… Sleep of the Dead last night. Totally painless it was too. And I was off on my travels. I had taken a job a a tram driver and after being trained, I took to the rails. On my first journey I couldn’t pull in at a tram stop as there was a lorry parked in the way so I had to go past and reverse back in (yes, on rails, this was!). But in reversing in, I switched the points and so on setting off again I was going down the wrong road. I couldn’t reverse back either because by now another tram had pulled up behind me. And so I’d somehow managed to bring the whole city’s tram network to a grinding halt.
Breakfast was quite quiet – just two of us there – and then I came back to finish off some work before hitting the road. But I had the wanderlust and so I didn’t hang around long. I was soon on my way.
At first glance I thought that it might have been a Morris Oxford MO – the “Big Minor” of the late 1940s and early 1950s of which my father had two when we were kids – KKB547 and LDM819. It’s only natural therefore that I pulled up to make further enquiries.
First thing that I noticed was that it was not a Morris Oxford MO at all but a fairly-similar-looking Hotchkiss saloon of a similar period. And that was something that quite amazed me because I’d never seen one of these before.
Secondly, it wasn’t alone either. There was a second one here too. In a much-more-complete condition. And both of these vehicles had quite a considerable amount of company.
There was a sign on the premises – “Private Property – Visits Tolerated Under Supervision Of An Occupant Of The Premises” – and you’ve no idea how long it took me to actually find someone who looked as if he belonged to the site.
Just as I was giving up all hope, a young guy turned up in an old (as in 1990s) Citroen. We had a little chat and eventually he gave me the necessary authority to go for a wander around with the Nikon D5000
We have of course the blue Hotchkiss on the extreme left of the photo. That’s exciting enough, and I have no idea what the beige car might be on the right – and there was no-one around to ask. But as for the other two, these are Delages and I would take the big one – which I think might be an S6 – home with me in a heartbeat. It’s gorgeous.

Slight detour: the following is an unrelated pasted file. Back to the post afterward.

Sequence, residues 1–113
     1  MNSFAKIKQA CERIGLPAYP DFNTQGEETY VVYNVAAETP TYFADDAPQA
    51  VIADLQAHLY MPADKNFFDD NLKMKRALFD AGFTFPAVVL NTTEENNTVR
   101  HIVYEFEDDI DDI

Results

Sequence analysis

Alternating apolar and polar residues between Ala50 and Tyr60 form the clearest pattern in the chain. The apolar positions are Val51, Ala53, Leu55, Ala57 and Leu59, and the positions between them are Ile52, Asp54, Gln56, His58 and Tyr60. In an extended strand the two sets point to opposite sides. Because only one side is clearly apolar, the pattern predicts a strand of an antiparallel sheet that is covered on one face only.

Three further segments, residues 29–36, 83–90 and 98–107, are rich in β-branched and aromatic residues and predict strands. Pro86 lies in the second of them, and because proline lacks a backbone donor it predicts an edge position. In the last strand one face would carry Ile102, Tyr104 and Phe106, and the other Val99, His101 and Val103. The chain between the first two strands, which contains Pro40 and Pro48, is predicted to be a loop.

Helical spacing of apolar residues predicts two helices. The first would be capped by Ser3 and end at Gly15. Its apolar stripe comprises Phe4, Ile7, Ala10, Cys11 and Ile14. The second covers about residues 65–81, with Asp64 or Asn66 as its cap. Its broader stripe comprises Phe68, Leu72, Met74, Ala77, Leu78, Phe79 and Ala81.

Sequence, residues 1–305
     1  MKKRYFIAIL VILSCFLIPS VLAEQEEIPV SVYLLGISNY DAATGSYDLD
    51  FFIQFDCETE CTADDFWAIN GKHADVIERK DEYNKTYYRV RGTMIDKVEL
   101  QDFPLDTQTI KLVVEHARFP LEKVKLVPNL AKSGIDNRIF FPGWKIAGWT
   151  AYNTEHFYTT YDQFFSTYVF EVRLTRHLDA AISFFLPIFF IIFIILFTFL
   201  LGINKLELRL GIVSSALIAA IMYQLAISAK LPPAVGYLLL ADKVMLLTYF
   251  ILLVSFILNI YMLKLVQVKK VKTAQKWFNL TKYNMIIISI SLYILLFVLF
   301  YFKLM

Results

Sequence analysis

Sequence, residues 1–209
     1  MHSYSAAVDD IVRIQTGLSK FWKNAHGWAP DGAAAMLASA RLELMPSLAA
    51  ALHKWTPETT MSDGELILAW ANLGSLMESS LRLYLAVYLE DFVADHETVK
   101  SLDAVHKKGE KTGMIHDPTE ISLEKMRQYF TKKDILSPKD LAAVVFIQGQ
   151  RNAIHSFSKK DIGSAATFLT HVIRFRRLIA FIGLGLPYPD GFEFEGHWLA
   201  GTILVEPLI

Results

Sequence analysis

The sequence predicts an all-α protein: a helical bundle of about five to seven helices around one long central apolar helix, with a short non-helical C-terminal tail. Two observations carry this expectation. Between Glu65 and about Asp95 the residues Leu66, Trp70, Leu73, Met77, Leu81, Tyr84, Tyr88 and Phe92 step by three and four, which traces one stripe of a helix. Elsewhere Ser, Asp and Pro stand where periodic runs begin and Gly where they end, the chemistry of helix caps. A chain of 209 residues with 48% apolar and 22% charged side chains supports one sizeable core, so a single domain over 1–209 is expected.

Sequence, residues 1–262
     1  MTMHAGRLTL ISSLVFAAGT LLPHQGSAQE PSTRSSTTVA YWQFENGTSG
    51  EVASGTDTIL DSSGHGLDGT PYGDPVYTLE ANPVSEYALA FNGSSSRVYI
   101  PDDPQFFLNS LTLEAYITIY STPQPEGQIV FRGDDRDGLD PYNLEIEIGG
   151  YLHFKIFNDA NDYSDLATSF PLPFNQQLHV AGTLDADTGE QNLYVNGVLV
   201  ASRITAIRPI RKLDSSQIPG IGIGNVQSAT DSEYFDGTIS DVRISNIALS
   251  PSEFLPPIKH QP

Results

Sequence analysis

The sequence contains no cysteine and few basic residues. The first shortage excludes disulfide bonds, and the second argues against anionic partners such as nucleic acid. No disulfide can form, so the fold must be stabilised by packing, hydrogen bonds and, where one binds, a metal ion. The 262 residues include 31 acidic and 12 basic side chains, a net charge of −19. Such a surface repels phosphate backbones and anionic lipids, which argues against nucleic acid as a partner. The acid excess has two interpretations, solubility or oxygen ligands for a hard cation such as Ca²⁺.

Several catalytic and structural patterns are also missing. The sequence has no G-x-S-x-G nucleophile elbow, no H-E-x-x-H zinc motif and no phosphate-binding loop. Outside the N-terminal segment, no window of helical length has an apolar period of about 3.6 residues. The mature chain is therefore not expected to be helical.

But then of course, that’s not all by any means because the place was littered with all kinds of stuff. Stuff that the owner thinks may be of less value but which for someone like me, are absolutely magnificent machines.
This is a chassis and bulkhead of something and I’ve no idea what it might be, or have been. But it’s not the kind of thing that I would leave lying around like this.
This looks as if it dates to the 1930s and according to what I could make out, it might be a Talbot or maybe an ancient Hotchkiss. But that’s a sheer guess on my part because I couldn’t find any indication at all as to what it might have been.
Again, I don’t have very much idea of what it might be – it’s certainly something that I don’t recall ever having seen before. It’s possibly a Hotchkiss but then again, what would I know about it?
It’s a very sad-looking Talbot, from the days when Talbot knew how to make cars rather than assemble knock-down Chrysler rubbish. It still has some of its paint and with a good little bit of elbow grease and plenty of time, someone could actually make something out of this if they would only get a move on.
The radiator badge gives away the identity of this vehicle. It’s a Delage of course, probably from the early 1930s and this is another vehicle that would find ts way down to my barn in the Auvergne if I were in a position to do something about it.
But the vehicle closest to the camera head-first against the outbuilding is, according to the casting on the engine, a Delahaye. Unfortunately, this is quite far gone and it would take a brave restorer of vehicles to have a good go at this. But it certainly deserves it.
This is really a tragedy because while it might not have the class of the 1950s Delage that is underneath the lean-to that we saw earlier, it is just so nice and deserves so much better than this.
Instead, I’ll poke the lens of the camera through the bits and pieces and show you what I mean. This is a Talbot and at a rough guess it’s from the late 1920s, and it’s under cover out of the weather. And for that I’m extremely grateful.
And if you have more luck or knowledge than I have in identifying these vehicles, let me know. All the information that you can let me have would be most gratefully received.
And I wasn’t alone while I was admiring these vehicles. This deer came to join me. Personally, I reckon that she must have been attracted by the presence of Strawberry Moose sitting in Caliburn outside – you never know.
Anyway I couldn’t hang around here all day, much as I would like to. I had things to do, places to go, people to see.
My journey took me along the side of the canal and the western banks of the River Loire until I headed off through the Foret de Troncais.
I stopped for an hour or so at Meaulne for a butty, to read a book and to tidy out a pile of rubbish from Caliburn. You’ve no idea how much rubbish has accumulated inside him since I hit the road for my appointment with destiny … gulp … 12 months ago
Back on the road I had yet more things to do and this involved a trip around a fewplaces in Montlucon. But it looks as if one of my projects is about to tomber à l’eau, for all kinds of reasons.
Now I’m in an IBIS Budget on the outskirts of Montlucon. I’m going to gather my wits and then head home tomorrow. First time for three months and I’m not looking forward to it, to be honest.